Saturday, October 14, 2017

Saturday Morning Practice, bell chant

  • Into 
  • As 
  • With
Three options.

Which one fits between:


“One’s true nature”?


(From Wikipedia)
lament or lamentation is a passionate expression of grief, often in musicpoetry, or song form. The grief is most often born of regret, or mourning. Laments can also be expressed in a verbal manner, where the participant would lament about something they regret or someone they've lost, usually accompanied by wailing, moaning and/or crying.[1] Laments constitute some of the oldest forms of writing and examples are present across human cultures.
Lament we do.

can fools be turned around

this country




Friday, October 13, 2017

what we spoke of in prison today

As it is
As we are


As it is
As we are


(Ah, kensho!)

on thich nhat hanh, love, from brain pickings, maria popover

Echoing legendary Zen teacher D.T. Suzuki’s memorable aphorism that “the ego-shell in which we live is the hardest thing to outgrow,” Nhat Hanh considers how the notion of the separate, egoic “I” interrupts the dialogic flow of understanding — the “interbeing,” to use his wonderfully poetic and wonderfully precise term, that is love:
Often, when we say, “I love you” we focus mostly on the idea of the “I” who is doing the loving and less on the quality of the love that’s being offered. This is because we are caught by the idea of self. We think we have a self. But there is no such thing as an individual separate self. A flower is made only of non-flower elements, such as chlorophyll, sunlight, and water. If we were to remove all the non-flower elements from the flower, there would be no flower left. A flower cannot be by herself alone. A flower can only inter-be with all of us… Humans are like this too. We can’t exist by ourselves alone. We can only inter-be. I am made only of non-me elements, such as the Earth, the sun, parents, and ancestors. In a relationship, if you can see the nature of interbeing between you and the other person, you can see that his suffering is your own suffering, and your happiness is his own happiness. With this way of seeing, you speak and act differently. This in itself can relieve so much suffering.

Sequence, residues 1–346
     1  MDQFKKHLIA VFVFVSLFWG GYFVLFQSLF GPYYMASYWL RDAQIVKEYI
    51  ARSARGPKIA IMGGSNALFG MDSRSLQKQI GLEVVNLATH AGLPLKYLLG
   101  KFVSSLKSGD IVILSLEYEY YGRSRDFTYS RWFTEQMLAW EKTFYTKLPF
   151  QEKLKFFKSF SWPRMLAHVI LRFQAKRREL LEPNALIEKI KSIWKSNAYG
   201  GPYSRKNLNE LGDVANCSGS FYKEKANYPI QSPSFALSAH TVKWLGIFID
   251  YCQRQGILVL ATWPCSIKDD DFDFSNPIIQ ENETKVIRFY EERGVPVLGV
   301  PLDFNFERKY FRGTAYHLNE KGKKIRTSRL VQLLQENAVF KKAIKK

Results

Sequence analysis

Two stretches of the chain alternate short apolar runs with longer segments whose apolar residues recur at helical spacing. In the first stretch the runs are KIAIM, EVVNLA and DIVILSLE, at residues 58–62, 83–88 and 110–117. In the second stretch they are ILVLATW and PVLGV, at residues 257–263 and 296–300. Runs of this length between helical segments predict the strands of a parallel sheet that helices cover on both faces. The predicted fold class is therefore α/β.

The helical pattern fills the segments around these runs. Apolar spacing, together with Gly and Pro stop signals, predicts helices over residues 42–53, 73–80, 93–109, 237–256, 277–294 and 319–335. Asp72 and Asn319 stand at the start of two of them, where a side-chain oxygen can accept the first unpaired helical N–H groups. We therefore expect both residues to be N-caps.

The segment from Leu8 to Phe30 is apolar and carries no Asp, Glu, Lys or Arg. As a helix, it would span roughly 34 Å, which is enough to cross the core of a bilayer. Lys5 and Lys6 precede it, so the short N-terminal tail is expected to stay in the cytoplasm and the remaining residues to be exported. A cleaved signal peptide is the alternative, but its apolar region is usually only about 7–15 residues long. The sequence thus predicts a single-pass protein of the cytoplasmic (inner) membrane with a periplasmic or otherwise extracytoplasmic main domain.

The remainder of How to Love explores the simple, profoundly transformative daily practices of love and understanding, which apply not only to romantic relationships but to all forms of “interbeing.” Complement it with John Steinbeck’s exquisite letter of advice on love to his teenage son and Susan Sontag’s lifetime of reflections on the subject, then revisit the great D.T. Suzuki on how Zen can help us cultivate our character.

silence of

road empty

reading Friday

middle night

cool temperature

I note

I have

nothing to

say only

the silence

of it

Thursday, October 12, 2017

what’s left us

Paul Simon wrote, ’Preserve your memories, they’re all that’s left you.’

Big and bully seem to have become standard in our culture and country these days.

I remember



Wednesday, October 11, 2017

the circumstance, poetics, and semiotics of living/dying

At hospice gathering yesterday we speak about what might be called the semiotics of living/dying.


/ˌsɛmɪˈɒtɪk; ˌsiːmɪ-adjective1. relating to signs and symbols, esp spoken or written signs2. relating to semiotics 3.of, relating to, or resembling the symptoms of disease; symptomatic             Word Origin C17: from Greek sēmeiōtikos taking note of signs, from sēmeion a sign Collins English Dictionary - Complete & Unabridged 2012 Digital Edition
© William Collins Sons & Co. Ltd. 1979, 1986 © HarperCollins
Publishers 1998, 2000, 2003, 2005, 2006, 2007, 2009, 2012
Cite This Source 
Word Origin and History for semiotic adj.1620s, “of symptoms, relating to signs of diseases,”from Greek semeiotikos "significant," also "observant of signs," adjective form of semeiosis "indication,"from semeioun "to signal, to interpret a sign," from semeion "a sign, mark, token," from sema "sign" (see semantic). Its use in psychology dates to 1923. Related: Semiotical (1580s). Online Etymology Dictionary, © 2010 Douglas Harper
Cite This Source
Our culture is reluctant to observe the signs of dying and death. 

In hospice we learn from the poet Hölderlin and philosopher Heidegger: